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Negotiating the other: museum exhibition and the construction of heritage in marginalized groups

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thesis
posted on 08.06.2021, 10:52 by Susan L.T. Ashley
How heritage messages are conceived and presented at museums, and how people make sense of and debate these messages is an overarching concern of this paper. For the purposes of this report, heritage is defined as the cultural legacy, including tangible and intangible histories and practices, that is handed down from the past within a community, and which is an essential element of an individual's and a community's sense of identity. Museums operate as sites where people experience and learn about their heritage. But a central concern is how these public institutions encompass marginalized groups within this construction of heritage, identity and community. The focal point of those interactions between museums and people is their exhibitions. This essential communicative tool of museums, this media of production and consumption of meaning, is the point of interest for this paper. As the place where the interests of both sides of the communicative exchange converge, exhibitions reveal the tensions within the system, and the process by which changing ideas about heritage and community are negotiated. Exhibits can be seen as texts anchored in the contexts and processes of their production and reception. Or they can be seen as the dialogic space in which a political relationship unfolds. This paper offers insights into how the political nature of communicative practices underlying the production and consumption of museum exhibitions affects the heritage of marginalized groups. How exhibitions come into being - their modes of production - how they communicate as texts and how they are used or read is illuminated, using as a case study a particular museum exhibit about African-Canadians entitled The Underground Railroad: Next Stop Freedom. Developed by the Department of Canadian Heritage to be displayed in Toronto, the exhibit was installed at the Royal Ontario Museum in 2002 and is currently on view at Black Creek Pioneer Village. The research encompasses the circuit of communication as it relates to the conditions surrounding the conceptualizing and negotiation of this exhibition: what is presented, why it is presented, how it is presented, to whom, and how it is received.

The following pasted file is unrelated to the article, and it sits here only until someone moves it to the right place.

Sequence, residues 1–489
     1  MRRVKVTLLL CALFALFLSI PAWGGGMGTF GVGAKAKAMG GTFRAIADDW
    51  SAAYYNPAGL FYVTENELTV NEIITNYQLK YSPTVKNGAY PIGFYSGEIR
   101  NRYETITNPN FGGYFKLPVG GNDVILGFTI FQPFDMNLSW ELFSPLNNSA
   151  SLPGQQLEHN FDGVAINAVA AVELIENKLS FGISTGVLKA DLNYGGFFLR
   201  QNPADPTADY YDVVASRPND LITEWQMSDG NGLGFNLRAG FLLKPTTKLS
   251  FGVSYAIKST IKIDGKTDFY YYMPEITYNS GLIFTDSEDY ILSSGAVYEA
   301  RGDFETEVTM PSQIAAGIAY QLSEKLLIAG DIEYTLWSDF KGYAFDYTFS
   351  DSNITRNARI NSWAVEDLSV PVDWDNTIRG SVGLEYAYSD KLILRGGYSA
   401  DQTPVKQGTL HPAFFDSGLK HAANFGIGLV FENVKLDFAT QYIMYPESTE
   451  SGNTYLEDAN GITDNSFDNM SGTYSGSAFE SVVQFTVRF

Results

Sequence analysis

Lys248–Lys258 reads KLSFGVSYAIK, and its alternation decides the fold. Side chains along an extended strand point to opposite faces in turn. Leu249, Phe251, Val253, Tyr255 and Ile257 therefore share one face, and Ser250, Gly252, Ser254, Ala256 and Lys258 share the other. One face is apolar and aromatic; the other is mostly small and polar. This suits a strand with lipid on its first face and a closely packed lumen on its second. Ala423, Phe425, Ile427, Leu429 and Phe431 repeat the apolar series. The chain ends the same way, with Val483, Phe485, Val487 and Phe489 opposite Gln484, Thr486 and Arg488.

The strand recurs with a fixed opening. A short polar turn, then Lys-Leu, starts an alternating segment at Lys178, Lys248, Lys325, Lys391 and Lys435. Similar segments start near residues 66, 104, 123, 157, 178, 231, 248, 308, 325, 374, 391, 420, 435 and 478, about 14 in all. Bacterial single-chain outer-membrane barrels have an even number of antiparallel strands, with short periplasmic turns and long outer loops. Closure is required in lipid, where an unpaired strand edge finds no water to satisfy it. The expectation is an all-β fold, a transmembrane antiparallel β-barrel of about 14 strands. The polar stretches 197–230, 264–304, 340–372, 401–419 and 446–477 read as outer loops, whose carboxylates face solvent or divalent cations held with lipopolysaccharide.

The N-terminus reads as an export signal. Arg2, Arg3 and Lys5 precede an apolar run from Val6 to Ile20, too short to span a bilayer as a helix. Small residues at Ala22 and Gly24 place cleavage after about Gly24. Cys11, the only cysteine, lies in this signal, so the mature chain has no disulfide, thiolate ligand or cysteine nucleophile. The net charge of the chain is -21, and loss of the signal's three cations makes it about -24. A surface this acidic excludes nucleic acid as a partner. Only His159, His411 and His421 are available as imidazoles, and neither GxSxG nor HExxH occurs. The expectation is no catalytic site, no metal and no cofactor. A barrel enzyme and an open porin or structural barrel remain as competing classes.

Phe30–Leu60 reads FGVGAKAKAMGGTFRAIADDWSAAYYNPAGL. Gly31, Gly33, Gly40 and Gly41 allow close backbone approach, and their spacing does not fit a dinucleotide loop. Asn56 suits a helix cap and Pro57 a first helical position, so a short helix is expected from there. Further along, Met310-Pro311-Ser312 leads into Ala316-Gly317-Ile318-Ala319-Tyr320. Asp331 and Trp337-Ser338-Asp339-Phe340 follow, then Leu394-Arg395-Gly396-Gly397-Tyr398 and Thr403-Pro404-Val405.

History

Language

eng

Program

Communication and Culture

Granting Institution

Ryerson University Edward Slopek

Thesis Advisor

Edward Slopek